The Necropastoral and Matthew Barney

by on Nov.10, 2011

Amy Wright has written a fine review of Joyelle’s Necropastoral over on Hangman.


Tense is the operative denominator, as each “King Prion” first relieves the pressure with a valve-like whistle. “Hoooooooo” begins each poem in this seven-poem series with identical titles, as if none will withstand the heat of its own impetus without a preliminary release. The device is leading, generative of that space of union between reader and written Barthes uses to characterize text, and as demanding of confrontation as Matthew Barney’s The Cremaster Cycle.[iv] If you have heard McSweeney read the poems aloud, its operatic call is as up-lilting as a farmer bidding stock, summoning the Landrace of Bentheium in from the pastures, the fleecy white subjects of commercial interests. These are not your grandfather’s purchases.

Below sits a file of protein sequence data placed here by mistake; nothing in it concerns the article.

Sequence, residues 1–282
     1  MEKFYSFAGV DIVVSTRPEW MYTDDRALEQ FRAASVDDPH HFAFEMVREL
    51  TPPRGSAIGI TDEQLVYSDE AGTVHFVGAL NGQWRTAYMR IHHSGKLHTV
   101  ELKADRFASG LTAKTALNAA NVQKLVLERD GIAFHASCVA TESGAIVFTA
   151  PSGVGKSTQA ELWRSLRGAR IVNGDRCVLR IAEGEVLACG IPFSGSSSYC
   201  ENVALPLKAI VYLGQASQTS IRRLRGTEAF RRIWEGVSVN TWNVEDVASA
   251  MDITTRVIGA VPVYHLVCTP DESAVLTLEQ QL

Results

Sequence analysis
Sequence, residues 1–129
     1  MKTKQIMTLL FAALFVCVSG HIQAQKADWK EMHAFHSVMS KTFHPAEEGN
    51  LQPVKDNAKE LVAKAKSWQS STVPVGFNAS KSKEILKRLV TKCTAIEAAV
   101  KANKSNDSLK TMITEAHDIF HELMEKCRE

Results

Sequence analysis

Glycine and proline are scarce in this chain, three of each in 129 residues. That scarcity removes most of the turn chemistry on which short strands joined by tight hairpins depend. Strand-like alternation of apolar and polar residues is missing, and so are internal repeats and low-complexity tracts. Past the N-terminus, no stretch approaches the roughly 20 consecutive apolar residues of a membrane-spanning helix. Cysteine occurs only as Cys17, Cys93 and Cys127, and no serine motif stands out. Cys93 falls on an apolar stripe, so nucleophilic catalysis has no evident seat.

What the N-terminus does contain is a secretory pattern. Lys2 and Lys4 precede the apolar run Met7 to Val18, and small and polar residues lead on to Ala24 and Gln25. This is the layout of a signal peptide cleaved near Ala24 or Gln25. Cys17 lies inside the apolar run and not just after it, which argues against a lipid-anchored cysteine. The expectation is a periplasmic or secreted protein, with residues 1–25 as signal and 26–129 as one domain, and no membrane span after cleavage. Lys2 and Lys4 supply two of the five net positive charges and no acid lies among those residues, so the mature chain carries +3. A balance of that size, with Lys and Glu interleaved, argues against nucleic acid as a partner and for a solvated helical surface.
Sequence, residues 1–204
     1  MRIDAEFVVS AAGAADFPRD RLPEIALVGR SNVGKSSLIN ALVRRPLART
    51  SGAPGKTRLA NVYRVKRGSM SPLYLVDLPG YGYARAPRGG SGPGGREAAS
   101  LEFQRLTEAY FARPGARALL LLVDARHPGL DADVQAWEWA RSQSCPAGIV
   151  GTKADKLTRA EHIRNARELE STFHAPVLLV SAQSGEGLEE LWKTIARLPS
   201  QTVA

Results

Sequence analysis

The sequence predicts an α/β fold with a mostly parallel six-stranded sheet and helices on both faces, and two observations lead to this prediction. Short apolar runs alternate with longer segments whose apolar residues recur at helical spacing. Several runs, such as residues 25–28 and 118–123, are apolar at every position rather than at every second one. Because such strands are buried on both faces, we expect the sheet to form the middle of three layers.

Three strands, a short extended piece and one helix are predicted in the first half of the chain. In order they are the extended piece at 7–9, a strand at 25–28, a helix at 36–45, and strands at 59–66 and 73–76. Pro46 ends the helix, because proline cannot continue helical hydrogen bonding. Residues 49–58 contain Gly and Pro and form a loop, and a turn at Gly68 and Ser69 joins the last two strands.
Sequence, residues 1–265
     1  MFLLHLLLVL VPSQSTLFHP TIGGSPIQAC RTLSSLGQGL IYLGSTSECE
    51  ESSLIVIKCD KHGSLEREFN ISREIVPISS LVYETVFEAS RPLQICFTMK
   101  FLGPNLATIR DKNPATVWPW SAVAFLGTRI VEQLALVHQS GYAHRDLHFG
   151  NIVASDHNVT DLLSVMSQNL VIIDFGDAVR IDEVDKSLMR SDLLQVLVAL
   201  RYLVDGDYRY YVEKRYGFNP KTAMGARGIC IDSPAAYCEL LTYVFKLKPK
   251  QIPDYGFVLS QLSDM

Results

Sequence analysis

Like Barney’s five-film cycle, The Necropastoral is a performance, an enactment that takes readers off the presented page. If you cannot make the showing, it will not, for you, be made. But there is comfort in the packaging, like bringing home a brochure from the 2002-3 exhibition. If the craft did not open for you and carry you into what the Guggenheim show curator, Nancy Spector, calls the “self-enclosed aesthetic system” of Barney’s cycle, you can still walk away with a picture of the dehorned red-head to remind you of its alien vision. McSweeney’s system, in contrast, is referential and dependent on connections within and without the series, including the character of King Prion and pastoral rhetoric. Readers function as a sonic bridge, transistors on whose ear crackles…

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